Greg's Design Blog

A collection of posts by game designer Gregory Carslaw, including mirrors of all of his blogs maintained for particular projects. A complete index of posts can be found here:
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Original post (with over 100% more pictures)

Do you remember what I claimed in the first post of this blog? I claimed that the blog would be about keeping up to date on the process of developing several games, something that I've not done in more than a week of posts. There's a reason for this: I was playtesting and I know that some of my testers read this blog. I didn't want to bias their opinions with information from the other testers so I kept it quiet. Blind testing is important when doing things for science.

I filled an entire notebook over the course of the week. I've summarised this, cutting it down seven pages of bullet points. There is so much feedback! Which is fantastic, but now I need to parse it all and decide on what's important and what's not before getting on with the job of improving the games for the next round of testing. There's not space here to relay everything, so here's a snapshot:


"I want to be able to directly screw over the other assassins more often"
"I like the rule and flavour for respawning on death, being out of a game is boring"
"The characters are great and add lots to the game"
"Setting fire to yourself is a terrible way to start the game"
"If the victim does the opposite to the guards does that mean he runs towards the monster?"
"The demo guy sucks, he can't get XP because he's too noisy and keeps getting spotted"

Feedback on this game was more disparate than the others, a lot of people liked it, one person identified the target audience as "Me", but everyone had very different ideas on how to improve it. Watching people play as the characters brought the most enjoyment, so making alterations to emphasise that seems like a good idea - but this might be best achieved by adding obstacles that the characters abilities will overcome differently, rather than by adding more abilities to each character. A lot of the complaints about this game came in the form of balance issues for specific cards, very few found fault with the core gameplay itself, so it may be time to nail down some of the core stuff and work on getting the detail right.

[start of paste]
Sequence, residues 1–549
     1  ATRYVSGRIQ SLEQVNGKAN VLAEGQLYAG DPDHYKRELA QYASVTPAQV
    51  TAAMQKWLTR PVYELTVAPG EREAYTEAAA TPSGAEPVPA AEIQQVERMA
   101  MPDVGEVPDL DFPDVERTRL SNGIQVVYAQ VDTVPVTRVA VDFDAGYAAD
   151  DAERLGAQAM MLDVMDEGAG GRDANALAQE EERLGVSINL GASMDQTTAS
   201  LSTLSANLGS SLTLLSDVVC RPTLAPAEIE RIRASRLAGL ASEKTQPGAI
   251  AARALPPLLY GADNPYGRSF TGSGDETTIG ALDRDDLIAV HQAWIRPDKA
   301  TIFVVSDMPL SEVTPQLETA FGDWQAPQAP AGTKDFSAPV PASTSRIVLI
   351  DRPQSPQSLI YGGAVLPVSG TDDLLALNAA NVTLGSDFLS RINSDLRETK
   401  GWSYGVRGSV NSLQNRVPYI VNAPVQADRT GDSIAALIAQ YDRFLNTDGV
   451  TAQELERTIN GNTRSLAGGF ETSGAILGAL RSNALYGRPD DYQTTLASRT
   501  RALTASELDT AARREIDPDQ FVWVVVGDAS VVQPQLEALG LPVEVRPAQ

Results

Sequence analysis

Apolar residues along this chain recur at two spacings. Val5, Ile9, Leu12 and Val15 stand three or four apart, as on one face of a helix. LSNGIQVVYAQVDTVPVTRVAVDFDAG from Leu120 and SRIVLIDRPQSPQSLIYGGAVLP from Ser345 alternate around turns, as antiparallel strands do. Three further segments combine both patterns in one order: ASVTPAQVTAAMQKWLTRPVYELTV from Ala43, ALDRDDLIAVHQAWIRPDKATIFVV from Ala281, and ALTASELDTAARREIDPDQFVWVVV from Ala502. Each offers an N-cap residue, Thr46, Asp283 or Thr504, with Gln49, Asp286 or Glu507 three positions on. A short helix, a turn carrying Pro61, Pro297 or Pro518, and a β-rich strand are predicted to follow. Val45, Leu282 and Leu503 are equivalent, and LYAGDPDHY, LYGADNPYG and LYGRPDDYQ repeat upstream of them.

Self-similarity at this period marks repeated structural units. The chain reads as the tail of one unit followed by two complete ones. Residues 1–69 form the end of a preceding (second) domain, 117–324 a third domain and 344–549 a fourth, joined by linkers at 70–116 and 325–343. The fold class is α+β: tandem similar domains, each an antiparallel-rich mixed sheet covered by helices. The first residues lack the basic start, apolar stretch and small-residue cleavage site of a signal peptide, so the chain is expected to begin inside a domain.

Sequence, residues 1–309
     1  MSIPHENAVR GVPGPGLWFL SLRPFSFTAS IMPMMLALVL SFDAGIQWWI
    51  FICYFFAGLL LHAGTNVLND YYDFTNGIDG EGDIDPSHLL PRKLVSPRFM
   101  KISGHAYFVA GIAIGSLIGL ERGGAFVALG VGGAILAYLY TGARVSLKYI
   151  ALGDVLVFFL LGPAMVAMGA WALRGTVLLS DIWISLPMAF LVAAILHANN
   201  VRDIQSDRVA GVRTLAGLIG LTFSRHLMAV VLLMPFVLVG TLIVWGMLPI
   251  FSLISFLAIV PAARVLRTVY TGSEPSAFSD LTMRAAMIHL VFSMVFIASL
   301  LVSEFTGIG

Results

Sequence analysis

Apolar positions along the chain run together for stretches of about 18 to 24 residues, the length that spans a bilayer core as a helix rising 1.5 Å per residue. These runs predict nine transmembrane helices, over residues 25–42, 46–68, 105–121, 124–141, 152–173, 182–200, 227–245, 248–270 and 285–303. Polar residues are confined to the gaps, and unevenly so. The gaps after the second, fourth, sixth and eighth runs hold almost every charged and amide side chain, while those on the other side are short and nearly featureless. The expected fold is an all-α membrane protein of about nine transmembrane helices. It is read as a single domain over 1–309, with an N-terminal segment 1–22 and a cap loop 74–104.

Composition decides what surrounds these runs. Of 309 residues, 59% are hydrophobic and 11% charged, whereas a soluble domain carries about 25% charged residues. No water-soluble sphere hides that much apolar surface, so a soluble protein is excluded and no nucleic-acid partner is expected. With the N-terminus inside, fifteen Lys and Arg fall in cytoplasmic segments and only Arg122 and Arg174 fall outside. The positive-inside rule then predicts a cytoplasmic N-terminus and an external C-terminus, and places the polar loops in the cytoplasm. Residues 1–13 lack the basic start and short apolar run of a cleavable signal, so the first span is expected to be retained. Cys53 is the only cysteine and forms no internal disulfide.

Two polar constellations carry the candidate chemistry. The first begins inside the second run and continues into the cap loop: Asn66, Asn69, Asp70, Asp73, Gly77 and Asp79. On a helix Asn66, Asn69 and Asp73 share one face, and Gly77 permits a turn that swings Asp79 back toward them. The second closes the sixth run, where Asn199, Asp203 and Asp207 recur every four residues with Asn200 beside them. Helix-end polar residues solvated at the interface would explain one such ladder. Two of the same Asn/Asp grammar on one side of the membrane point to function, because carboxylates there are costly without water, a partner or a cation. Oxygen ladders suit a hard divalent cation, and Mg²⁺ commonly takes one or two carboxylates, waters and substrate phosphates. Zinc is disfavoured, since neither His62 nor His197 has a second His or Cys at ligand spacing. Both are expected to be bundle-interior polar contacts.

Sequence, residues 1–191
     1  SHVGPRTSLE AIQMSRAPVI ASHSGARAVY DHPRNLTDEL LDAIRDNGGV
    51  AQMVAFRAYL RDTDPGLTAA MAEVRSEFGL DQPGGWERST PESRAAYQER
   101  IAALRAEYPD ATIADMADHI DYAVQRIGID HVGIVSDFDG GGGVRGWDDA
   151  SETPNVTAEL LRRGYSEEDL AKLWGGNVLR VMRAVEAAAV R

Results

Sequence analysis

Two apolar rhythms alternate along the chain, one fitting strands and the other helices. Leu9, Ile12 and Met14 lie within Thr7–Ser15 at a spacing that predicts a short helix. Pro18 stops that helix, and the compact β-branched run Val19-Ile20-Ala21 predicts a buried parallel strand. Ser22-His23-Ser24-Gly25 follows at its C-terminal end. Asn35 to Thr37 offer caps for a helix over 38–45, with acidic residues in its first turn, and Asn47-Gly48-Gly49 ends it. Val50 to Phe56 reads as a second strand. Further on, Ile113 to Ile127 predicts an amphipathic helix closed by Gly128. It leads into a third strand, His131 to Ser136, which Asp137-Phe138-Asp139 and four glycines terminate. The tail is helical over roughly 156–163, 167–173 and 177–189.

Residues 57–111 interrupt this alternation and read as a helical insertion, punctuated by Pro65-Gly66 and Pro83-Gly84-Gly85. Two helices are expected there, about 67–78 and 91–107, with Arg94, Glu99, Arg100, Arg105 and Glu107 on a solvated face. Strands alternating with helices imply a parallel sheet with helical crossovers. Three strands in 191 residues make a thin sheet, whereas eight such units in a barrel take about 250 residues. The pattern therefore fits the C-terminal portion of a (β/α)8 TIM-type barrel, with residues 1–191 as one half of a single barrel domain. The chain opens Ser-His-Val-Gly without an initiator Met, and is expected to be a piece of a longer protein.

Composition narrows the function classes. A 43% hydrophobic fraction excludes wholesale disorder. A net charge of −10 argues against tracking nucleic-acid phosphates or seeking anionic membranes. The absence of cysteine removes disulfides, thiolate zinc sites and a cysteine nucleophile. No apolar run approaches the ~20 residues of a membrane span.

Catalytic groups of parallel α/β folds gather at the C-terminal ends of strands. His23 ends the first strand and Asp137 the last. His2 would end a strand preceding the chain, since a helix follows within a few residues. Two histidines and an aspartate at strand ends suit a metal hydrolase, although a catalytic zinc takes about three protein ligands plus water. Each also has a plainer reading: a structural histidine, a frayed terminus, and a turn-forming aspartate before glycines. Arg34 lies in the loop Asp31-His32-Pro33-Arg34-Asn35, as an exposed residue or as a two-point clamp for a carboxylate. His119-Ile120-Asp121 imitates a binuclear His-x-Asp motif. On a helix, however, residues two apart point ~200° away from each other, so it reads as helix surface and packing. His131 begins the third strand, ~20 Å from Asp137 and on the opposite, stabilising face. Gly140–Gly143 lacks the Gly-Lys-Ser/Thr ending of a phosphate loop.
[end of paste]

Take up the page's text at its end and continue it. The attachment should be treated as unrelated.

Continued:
"Killing the director was too easy"
"Some of these skills didn't get rolled all game, do we really need them?"
"The director wasn't a challenge"
"The NPCs seemed erratic, why did they ignore guns lying on the floor to search for a mop?"
"There was no reason not to team up against the director."

Well there's an obvious problem to be fixed here, the director is such a non-threat that players will almost always team up against him (I say almost, as my sister decided to try to kill me as a matter of principle). However the popularity of that comment may be hiding a more serious problem: the mismatch between mechanics and tone. Generally the theme of the game was well received and highlighted by many testers as something that really got them into the game. However the mechanics are shallow and random, in a way that appeals to a younger audience. While balancing the director may be the most popular patch, there's need for a serious rethink of the core mechanics of this one so that they can be made to better support the theme.

Wizard Academy

"This game is too difficult"
"The bad stuff ramps up very quickly"
"I felt hopeless for the entire game, that killed the fun."
"The lack of ability to plan ahead was infuriating"
"I think this game will appeal to people who like hard games."

Comments about how hard this game is were more than twice as frequent as the next most common comment. I have pages of suggestions on how to make this game easier. Did I mention that it's hard? Not a single game was won by anyone. One group came close, within a couple of turns, but they were frozen into a solid block of ice at their moment of triumph.

The thing that this doesn't capture is that some people loved it. Not just liked it, loved it, the most positive comments from the week were about this game. Either I have an above average number of masochists among my friends, or there are some very positive things going on with this game (or both). The challenge for this game will be to leverage those positive things to make a game where losing is fun and that can appropriately adjust its difficulty to suit a group newly encountering it without making it too easy for a group that's had a chance to build some experience of it. Making losing fun seems to be the most important part here, as lots of the negative comments focus less on 'I lost' and more on 'The process of losing was boring/frustrating'.

So that's where we are, updates this week will focus on individual mechanics and how they're being changed in response to the feedback.
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